Sunday, April 13, 2014

Behind the Ad: The benefits of ObamaCare

By Richard K. Barry

Who: Put Alaska First PAC (a pro-Democatic super-PAC)

Where: Alaska (state-wide)

What's going on: This is an Alaskan super-PAC backing Democratic Sen. Mark Begich's reelection bid. The ad does what, I suspect, many Democrats are going to have to get comfortable doing, and that is touting the benefits of ObamaCare. As we hear, Lisa Keller is a cancer survivor born and raised in Alaska who was unable to get health coverage until Obamacare became law.
“I was lucky, I beat cancer but the insurance companies still denied me health insurance just because of a pre-existing condition," Keller says in the ad. "I now have health insurance again because of Mark Begich. Because he fought the insurance companies, so that we no longer have to."

So far, many Democrats in closer races have stayed away from talking about ObamaCare or have pointed to their efforts to improve it.  Others have argued that its time to talk about what health care reform has and will do for Americans.

Interestingly, this ad mentions neither ObamaCare or the Affordable Care Act by name, so baby steps first, I suppose, but good that it's happening.

To say the very least, Sen. Begich is very vulnerable in his bid for reelection. Alaska is a red state, and Begich only got 48 percent of the vote in 2008 when President Obama was busy carrying so many Democrats to victory. And 2014 is a midterm, when so many Dems have tanked in the past. Having said that, Begich has mostly run away from Obama over the years and is clearly hoping that Alaskans have noticed.  Polling done in March has the race between Begich and any credible GOP candidates as close enough so we don't really know what is going to happen here.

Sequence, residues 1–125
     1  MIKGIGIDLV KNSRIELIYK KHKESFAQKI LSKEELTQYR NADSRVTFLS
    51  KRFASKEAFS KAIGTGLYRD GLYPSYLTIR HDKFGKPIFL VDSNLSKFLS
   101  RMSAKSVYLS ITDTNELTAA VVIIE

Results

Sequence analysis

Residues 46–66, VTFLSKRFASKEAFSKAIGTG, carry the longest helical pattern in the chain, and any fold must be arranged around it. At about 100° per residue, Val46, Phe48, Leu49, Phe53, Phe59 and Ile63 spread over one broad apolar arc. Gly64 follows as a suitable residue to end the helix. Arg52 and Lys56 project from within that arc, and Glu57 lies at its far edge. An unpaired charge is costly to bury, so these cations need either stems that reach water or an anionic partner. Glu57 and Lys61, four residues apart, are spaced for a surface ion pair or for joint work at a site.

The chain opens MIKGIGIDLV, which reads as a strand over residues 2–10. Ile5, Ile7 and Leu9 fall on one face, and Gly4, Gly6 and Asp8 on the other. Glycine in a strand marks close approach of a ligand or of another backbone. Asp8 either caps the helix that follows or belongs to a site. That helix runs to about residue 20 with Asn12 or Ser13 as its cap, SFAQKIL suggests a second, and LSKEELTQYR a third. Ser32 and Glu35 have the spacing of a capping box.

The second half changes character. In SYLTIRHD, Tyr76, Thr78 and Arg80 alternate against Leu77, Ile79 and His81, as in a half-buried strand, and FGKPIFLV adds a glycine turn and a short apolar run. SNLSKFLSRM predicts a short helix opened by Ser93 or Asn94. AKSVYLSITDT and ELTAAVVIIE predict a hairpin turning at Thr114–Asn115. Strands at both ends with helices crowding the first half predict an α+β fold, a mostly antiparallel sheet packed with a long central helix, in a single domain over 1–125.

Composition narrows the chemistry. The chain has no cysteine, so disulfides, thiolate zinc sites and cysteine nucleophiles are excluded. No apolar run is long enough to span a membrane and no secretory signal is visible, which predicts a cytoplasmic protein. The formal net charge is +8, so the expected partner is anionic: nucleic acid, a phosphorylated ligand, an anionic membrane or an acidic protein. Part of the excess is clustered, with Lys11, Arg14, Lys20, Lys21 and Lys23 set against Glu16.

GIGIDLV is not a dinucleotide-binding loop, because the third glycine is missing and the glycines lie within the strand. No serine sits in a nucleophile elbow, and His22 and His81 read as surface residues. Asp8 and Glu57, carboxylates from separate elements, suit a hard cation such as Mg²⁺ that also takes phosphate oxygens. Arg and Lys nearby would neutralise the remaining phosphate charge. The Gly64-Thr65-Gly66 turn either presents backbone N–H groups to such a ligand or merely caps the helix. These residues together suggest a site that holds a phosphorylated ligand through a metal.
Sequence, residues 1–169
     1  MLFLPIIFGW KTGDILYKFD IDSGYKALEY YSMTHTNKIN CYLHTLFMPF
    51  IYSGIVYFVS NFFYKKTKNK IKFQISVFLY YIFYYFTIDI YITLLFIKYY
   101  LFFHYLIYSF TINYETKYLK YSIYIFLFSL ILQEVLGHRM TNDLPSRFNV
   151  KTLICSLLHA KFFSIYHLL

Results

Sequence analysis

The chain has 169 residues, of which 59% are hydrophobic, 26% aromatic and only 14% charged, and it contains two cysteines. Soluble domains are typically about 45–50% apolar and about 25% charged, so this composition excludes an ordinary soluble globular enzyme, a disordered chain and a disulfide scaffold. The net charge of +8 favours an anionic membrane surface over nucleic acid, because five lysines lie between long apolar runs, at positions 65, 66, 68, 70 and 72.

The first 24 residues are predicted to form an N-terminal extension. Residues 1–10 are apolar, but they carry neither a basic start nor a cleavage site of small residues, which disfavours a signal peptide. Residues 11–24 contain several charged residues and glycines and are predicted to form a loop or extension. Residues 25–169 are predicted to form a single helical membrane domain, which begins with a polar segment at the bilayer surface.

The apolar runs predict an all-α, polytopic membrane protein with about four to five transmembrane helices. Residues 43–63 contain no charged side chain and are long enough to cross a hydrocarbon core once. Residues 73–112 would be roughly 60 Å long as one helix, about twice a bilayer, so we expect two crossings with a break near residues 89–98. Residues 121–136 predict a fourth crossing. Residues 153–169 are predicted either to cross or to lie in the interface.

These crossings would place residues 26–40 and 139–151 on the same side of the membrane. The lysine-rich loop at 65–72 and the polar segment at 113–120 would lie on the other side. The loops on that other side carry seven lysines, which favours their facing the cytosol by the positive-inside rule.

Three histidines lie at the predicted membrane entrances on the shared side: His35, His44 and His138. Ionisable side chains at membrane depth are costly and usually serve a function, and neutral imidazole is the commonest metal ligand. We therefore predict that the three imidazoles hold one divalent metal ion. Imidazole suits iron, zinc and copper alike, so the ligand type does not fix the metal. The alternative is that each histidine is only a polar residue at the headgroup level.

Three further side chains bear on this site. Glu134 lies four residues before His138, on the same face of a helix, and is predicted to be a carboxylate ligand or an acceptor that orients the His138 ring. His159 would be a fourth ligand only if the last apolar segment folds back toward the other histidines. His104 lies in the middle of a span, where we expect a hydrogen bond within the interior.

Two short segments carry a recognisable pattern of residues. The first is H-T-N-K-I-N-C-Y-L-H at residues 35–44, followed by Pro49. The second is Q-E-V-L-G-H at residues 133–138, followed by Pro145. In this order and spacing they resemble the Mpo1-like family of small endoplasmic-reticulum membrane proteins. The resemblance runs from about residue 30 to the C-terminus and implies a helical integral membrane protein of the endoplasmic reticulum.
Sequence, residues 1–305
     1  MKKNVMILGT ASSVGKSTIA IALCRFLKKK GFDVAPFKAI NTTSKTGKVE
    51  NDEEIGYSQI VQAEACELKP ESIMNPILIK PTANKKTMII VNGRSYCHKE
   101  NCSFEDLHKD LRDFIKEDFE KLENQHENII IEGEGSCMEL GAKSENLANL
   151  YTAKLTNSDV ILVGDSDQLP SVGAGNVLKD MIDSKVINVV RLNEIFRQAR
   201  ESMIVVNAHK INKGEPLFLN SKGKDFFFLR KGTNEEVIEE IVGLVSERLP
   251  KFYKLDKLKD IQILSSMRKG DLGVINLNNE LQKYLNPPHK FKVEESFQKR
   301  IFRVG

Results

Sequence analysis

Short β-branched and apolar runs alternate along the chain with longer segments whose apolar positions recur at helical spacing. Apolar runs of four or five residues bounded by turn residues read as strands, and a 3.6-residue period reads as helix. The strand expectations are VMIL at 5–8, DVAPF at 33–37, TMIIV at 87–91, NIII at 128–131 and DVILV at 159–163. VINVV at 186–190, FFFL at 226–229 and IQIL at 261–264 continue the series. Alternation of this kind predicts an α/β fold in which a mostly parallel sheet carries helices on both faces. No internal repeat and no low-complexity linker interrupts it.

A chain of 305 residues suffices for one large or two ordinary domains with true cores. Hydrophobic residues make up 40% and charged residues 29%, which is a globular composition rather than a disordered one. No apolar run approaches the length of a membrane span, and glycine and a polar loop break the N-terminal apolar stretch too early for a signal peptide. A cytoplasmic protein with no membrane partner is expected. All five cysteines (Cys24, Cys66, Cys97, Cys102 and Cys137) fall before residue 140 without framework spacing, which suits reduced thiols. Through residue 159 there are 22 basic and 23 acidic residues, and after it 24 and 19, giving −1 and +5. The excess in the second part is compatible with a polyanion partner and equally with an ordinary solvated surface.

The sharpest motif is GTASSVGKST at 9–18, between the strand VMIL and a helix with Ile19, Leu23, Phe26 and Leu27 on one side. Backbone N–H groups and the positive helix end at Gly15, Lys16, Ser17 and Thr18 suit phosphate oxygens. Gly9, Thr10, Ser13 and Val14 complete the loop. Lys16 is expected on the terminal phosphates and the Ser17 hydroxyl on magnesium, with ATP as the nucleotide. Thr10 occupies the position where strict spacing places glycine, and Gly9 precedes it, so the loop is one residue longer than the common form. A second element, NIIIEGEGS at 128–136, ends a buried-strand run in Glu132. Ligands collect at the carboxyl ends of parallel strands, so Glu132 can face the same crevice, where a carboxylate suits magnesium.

Grade: As an ad, it's simple and to the point. We can argue that the approach may not work for Begich, but it presents the message the campaign is going with right now. In political communication, there are two things to considers: The first is, will it work for the candidate? The second is, does it do effectively what it sets out to do? It's difficult to separate the two considerations, but it's an important analytical distinction. Based on the second of the two considerations, it's a pretty good piece. B

 

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